Categories
PCOS

13 PCOS Friendly Recipes

I think you agree with me when I say, the PCOS is the most painful and awkward disease.

Apart from infertility, PCOS also causes a host of awkward symptoms like obesity, acne, irregular periods, hair loss and growth of unwanted hair.

But here is the good news for you…

Unlike conventional treatments, Natural treatment helps to restore inner balance and It helps the body heals itself PCOS symptoms…

First, acknowledge this!

Disease doesn’t exist in a healthy body

Healthy food means a healthy body and it’s that simple…

Did you agree?

So you can treat healthy food is medicine and it helps…

  • Nourish your body….
  • Strengthen the immunity….
  • Cleans and eliminate toxins….
  • Restore your health.

I am sure that you have realized the importance of food in the fight against awkward PCOS.

Imagine that you know how to cook PCOS friendly recipes at your home, how it would feel to you…

Yes, you can!

Here are some of the healthy and delicious PCOS friendly recipes for you to include in your eating plan.

1. PCOS friendly Steamed Asparagus”

 

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Ingredients

  • 1 tbsp sesame seeds
  • 2 lbs asparagus
  • 1 tablespoon lemon juice
  • 2 tbsp extra-virgin olive oil
  • 2 tsp sesame oil
  • 2 tsp fresh ginger, grated
  • Salt and freshly ground black pepper, to taste

Directions

Stir sesame seeds in a hot non-stick frying pan until they are golden brown.

In a small bowl, whisk together lemon juice, olive oil, sesame oil, ginger, and salt and pepper.

Prepare a steamer with boiling water. Add asparagus, cover, and steam until tender crisp, about 3-5 minutes. Pour oil and ginger mixture over asparagus.

Transfer to a serving platter. Sprinkle with sesame seeds.

2. PCOS Weight Loss Muffins

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Ingredients

  • 1 cup rolled oats, soaked in 1 cup skim milk for 1-2 hours
  • 1/2 cup unsweetened applesauce
  • 2 egg whites
  • 1 cup skim milk
  • 1 cup whole wheat flour
  • 1/2 cup brown sugar
  • 1 tsp baking powder
  • 1/2 tsp baking soda
  • 1/2 tsp salt
  • 1 tsp cinnamon
  • 1 cup blueberries

Directions

Preheat oven to 400 degrees F (200 degrees C, gas mark 6).

Beat together egg whites, oat-milk mixture, and applesauce. Combine dry ingredients in a separate bowl.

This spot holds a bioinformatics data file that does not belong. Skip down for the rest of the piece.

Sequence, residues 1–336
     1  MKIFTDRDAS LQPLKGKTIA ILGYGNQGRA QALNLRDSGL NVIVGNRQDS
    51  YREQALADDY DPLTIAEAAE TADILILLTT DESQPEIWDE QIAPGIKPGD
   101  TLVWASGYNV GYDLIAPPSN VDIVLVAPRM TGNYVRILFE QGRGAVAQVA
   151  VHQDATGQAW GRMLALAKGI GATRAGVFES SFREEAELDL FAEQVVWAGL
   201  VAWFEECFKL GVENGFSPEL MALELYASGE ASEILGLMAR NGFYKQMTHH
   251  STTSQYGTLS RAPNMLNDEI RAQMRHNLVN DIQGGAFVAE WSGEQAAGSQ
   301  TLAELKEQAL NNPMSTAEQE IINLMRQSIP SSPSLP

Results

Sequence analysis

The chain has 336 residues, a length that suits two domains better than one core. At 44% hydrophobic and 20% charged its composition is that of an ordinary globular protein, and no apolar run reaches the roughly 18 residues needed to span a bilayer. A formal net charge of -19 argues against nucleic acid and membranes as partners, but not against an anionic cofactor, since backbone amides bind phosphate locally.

Add liquid ingredients to dry ingredients and mix until just combined (do not over-mix). Fold in blueberries.

Fill 12 paper muffin cups with batter (about two thirds full). Bake for 20 minutes or until done.

3. PCOS Dessert: Whole Wheat Brownies”

 

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These brownies are full of flavor, and this whole wheat recipe is a healthy alternative to many other brownie recipes.

Ingredients

  • 3 tbsp low-sodium butter
  • 1/2 cup brown rice syrup
  • 10 tbsp dark cocoa powder, unsweetened
  • 1 tsp vanilla
  • 2 eggs
  • 1/2 cup whole wheat flour
  • 1/2 cup pecans, chopped

Directions

In a medium saucepan, melt butter over low heat. Stir in brown rice syrup, and whisk in cocoa powder. Continue whisking until well blended.

Remove from heat and blend in eggs.

Add in vanilla, whole wheat flour, and pecans, and stir well.

Lightly grease 8×8-inch baking pan and pour in batter. Bake for 30 minutes or until a toothpick comes out clean.

Let cool, and cut into squares. Serve.

4. PCOS breakfast recipe: Dairy-Free Blueberry Muesli

 

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Ingredients

  • 1 1/2 cups rolled oats
  • 1/2 cup walnuts, chopped
  • 1/2 cup dried apples, chopped
  • 2 tsp ground cinnamon
  • 2 cups blueberries (preferably wild)
  • 3 tbsp brown sugar
  • Apple juice, to serve

Directions

Preheat oven to 325°F (160°C, gas 3).

Mix oats, sugar, and cinnamon in a bowl. Spread mixture evenly onto a non-stick baking tray.

Toast oat mixture in preheated oven for about 10 minutes, stirring occasionally. Watch mixture very closely when toasting as it can burn very easily.

Remove from oven and let cool. Pour into a large bowl and stir in chopped walnuts and dried apples.

Divide mixture into serving bowls and top with blueberries. Serve with apple juice.

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Categories
PCOS

30 Natural Ways to Help Treat Polycystic Ovary Syndrome (PCOS)

Things to consider

Polycystic ovary syndrome (PCOS) is the most commonTrusted Source endocrine condition among U.S. women of reproductive age. Its symptoms include:

  • ovarian cysts
  • irregular periods
  • acne
  • thinning hair
  • weight gain

Researchers sayTrusted Source the causes of PCOS are complicated, but insulin resistance and hormone regulation are key factors.

You may be able to manage these factors and ease your symptoms through lifestyle changes and dietary supplements, but there’s no one-size-fits-all approach to treatment.

You should always talk with your doctor before you try any alternative treatment. They can discuss possible dosage, side effects, and interactions.

Diet changes

diet changesEating the right foods and avoiding certain ingredients may help you manage your symptoms. A nourishing diet can help regulate your hormones and your menstrual cycle. Eating processed, heavily preserved foods can contribute to inflammation and insulin resistance.

It’s all about whole foods

Whole foods are free from artificial sugars, hormones, and preservatives. These foods are as close to their natural, unprocessed state as possible. Fruits, vegetables, whole grains, and legumes are whole foods that you can add to your diet.